Caution: A Poorly Made Marketing Decision is Afoot
Steve Cuno is the founder of the RESPONSE Agency, a direct response advertising firm in Salt Lake City. His articles have been published internationally, he is the author of the book Prove It Before You Promote It: How to Take the Guesswork Out of Marketing, and the as-told-to author of the new book It’s Not About the Sex My A**: Confessions of an Ex-Mormon Ex-Polygamist Ex-Wife. In his spare time, Steve enjoys spending quality time with his grand piano and forcing people to look at photos of his grandchildren. Contact Steve at firstname.lastname@example.org.
The sure sign comes when the boss, fingers on chin, draws a portentous breath and says, “I’m going with my gut on this one.” Then, lest anyone doubt the higher authority of the lower extremity, the boss adds, “And my gut” — pause for dramatic effect — “is never wrong.”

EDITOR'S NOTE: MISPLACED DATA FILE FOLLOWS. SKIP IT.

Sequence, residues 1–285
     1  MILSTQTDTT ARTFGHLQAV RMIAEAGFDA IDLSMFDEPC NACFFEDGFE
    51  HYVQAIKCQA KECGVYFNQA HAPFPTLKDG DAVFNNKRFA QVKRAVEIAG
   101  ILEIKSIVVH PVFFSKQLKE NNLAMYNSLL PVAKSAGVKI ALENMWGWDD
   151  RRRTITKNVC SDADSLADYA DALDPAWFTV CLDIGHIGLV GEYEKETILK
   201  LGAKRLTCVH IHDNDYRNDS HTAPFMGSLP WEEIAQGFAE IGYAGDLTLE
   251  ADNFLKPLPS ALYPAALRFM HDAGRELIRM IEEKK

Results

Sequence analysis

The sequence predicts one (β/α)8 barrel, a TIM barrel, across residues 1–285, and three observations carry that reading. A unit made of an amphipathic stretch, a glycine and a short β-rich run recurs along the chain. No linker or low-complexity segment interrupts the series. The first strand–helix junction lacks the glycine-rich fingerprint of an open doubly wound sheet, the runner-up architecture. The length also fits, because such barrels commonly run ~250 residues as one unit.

Or, equally bad, somebody convenes a focus group and believes what comes out of it. Now instead of one gut leading you astray, you have a chorus of ten.
From 30-plus years of creating and tracking marketing campaigns, Steve Cuno can tell you with assurance that no one’s intuition is never wrong. Sure, stories abound of marketers who followed intuition to fortune and glory. But for every Steve Jobs whose intuition damned the torpedos and built Apple Corporation — twice — there are oodles more marketers who championed and brought to market the likes of Bic brand disposable underwear, Colgate brand frozen dinners, and Cosmopolitan magazine brand yogurt. Ever heard of them? That’s odd. After all, someone’s intuition and a whole bunch of focus groups predicted those products would be overwhelmingly successful.
Join Steve on the Business Fuel Podcast tomorrow and learn why testing rules and focus groups often fail.